BloodyMess Tutorial 4        
NxOgre   This page is related to a deprecated version of NxOgre, called BloodyMess. Some code from here may be adopted to newer versions with sufficient care and knowledge.   NxOgre

Disclaimer: This is not an official NxOgre tutorial. However, it has been revised and edited by the creator of NxOgre and BloodyMess, betajaen.

help Help: For any problems you encounter while working on these tutorials, as well as for detailed questions and propositions, please visit the NxOgre OgreAddons-Forum.

Image You can find the complete code for this tutorial here.

NxOgreCube.png Introduction

In the third tutorial, you learned about the Visual Debugger, a tool that can visually show all physics objects in a scene, even those that are invisible. In this tutorial we will get to know one kind of these invisible element: Volumes/Trigger. Once you have completed this tutorial it would be a good idea to go back and integrate the visual debugger so that you can see this object within our scene.

NxOgreCube.png What is a Volume?

A volume is an invisible physics object of an arbitrary shape. It doesn't move, nor can it be seen. So what is the value of it? It is used as a trigger. As soon as a physics object enters it, is fully within it, or leaves it, a special event is fired that can be used to start a defined action within your program.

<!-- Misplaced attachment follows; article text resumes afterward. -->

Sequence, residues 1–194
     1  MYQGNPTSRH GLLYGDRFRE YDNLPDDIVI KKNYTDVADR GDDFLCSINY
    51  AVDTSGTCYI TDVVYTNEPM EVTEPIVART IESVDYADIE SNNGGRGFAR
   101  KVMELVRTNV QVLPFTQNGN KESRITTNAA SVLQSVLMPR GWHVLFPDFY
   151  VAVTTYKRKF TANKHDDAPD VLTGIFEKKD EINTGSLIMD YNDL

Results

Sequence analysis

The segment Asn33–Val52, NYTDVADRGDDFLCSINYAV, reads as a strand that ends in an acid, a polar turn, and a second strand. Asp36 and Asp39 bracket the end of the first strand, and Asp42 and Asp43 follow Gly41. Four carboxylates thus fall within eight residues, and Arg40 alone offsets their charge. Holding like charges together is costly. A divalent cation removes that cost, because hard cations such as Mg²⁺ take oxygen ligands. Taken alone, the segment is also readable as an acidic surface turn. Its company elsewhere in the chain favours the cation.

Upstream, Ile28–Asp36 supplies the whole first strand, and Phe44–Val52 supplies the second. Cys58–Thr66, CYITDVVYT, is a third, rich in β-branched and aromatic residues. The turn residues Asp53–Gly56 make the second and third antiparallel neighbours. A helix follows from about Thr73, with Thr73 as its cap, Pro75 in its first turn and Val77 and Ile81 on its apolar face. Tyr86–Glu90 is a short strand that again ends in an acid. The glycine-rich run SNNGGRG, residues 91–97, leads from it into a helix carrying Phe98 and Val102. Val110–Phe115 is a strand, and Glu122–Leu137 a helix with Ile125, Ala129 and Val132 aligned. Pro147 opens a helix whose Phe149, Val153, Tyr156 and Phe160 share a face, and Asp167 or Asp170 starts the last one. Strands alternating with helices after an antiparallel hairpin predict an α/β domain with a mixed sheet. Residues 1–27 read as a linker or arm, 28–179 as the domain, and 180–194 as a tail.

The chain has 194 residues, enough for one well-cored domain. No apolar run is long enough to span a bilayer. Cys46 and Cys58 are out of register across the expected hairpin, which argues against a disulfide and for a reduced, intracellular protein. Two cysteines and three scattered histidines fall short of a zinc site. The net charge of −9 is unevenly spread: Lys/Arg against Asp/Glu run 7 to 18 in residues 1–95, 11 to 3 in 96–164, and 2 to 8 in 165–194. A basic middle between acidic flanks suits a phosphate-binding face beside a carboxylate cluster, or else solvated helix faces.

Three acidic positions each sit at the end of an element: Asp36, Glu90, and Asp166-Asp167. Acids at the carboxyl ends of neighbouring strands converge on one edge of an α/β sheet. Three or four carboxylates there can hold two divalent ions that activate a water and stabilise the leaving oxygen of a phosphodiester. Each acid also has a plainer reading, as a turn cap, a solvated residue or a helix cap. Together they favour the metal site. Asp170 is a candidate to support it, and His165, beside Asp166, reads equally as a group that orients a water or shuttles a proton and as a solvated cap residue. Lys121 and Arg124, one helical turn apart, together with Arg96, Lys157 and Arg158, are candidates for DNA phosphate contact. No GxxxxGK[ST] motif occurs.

One example for a trigger could be the finish area in a racing game. From the finish line up to a distance beyond it, a trigger volume is placed and as soon as the player enters this volume, an event is fired and the game can, for example, react by showing a message, playing a sound or doing whatever the programmer wanted it to do.

NxOgreCube.png The Initial Code

Start a new Ogre and NxOgre project in your IDE. We will create the necessary code to make Ogre run using the ExampleApplication and ExampleFrameListener classes provided by the Ogre Samples.

Note: If you're fairly new with Ogre, it may be worth it modifying the Ogre SkyBox sample instead of creating your own Ogre project.

The following code will serve as the basis for this tutorial. It should compile and run without errors.

#include "ExampleApplication.h"

#include <NxOgre.h>
#include <NxOgreOGRE3D.h>

class BloodyMessTutorial4Listener : public ExampleFrameListener
    BloodyMessTutorial4Listener(RenderWindow *win, Camera *cam) 
        : ExampleFrameListener(win, cam)
        mTimeController = NxOgre::TimeController::getSingleton();

    bool frameStarted(const FrameEvent& evt)